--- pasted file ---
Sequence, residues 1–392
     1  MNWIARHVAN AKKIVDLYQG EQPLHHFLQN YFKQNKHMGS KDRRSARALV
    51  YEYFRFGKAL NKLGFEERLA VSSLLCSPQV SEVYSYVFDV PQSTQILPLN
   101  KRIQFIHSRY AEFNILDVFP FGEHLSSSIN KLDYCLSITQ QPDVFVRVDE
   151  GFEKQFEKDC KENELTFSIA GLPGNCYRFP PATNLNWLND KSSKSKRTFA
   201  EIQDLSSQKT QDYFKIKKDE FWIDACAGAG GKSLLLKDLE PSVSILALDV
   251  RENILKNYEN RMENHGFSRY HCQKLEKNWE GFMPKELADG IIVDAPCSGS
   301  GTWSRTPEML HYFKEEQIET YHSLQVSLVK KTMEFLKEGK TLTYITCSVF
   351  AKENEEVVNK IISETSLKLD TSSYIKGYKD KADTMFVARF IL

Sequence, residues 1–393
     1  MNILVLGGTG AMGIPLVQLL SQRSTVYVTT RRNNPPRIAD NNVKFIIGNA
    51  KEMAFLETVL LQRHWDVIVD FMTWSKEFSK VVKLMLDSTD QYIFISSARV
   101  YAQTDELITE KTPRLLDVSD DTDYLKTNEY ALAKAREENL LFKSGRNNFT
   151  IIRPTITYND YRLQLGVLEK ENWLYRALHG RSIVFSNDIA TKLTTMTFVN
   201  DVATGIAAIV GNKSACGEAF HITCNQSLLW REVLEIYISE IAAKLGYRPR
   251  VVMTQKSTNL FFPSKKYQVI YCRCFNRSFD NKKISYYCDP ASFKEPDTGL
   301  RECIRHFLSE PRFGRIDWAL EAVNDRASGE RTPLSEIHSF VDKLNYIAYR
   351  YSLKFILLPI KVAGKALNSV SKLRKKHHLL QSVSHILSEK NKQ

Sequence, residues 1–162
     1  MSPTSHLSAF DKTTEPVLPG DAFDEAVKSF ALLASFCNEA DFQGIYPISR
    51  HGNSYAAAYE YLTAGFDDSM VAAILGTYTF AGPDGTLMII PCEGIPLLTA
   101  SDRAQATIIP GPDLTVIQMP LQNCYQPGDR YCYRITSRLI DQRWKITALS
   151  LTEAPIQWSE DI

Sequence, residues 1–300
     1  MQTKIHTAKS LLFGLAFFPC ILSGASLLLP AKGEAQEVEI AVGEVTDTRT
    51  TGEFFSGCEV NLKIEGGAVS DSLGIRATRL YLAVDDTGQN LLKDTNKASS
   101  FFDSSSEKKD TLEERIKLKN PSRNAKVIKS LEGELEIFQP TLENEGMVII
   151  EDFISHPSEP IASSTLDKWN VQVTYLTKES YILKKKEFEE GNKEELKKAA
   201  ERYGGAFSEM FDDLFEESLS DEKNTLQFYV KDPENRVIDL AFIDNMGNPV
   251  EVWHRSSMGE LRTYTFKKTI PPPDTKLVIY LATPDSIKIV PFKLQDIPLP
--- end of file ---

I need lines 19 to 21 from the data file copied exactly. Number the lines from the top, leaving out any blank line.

Sequence, residues 1–162
     1  MSPTSHLSAF DKTTEPVLPG DAFDEAVKSF ALLASFCNEA DFQGIYPISR
    51  HGNSYAAAYE YLTAGFDDSM VAAILGTYTF AGPDGTLMII PCEGIPLLTA